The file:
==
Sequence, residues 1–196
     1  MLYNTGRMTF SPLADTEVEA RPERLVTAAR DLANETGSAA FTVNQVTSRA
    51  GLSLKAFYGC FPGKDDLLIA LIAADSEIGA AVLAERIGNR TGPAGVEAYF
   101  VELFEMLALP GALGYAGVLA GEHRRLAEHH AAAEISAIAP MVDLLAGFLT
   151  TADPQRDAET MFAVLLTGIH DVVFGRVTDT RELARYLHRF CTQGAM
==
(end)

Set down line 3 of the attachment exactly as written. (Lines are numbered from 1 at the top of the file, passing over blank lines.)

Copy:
    51  GLSLKAFYGC FPGKDDLLIA LIAADSEIGA AVLAERIGNR TGPAGVEAYF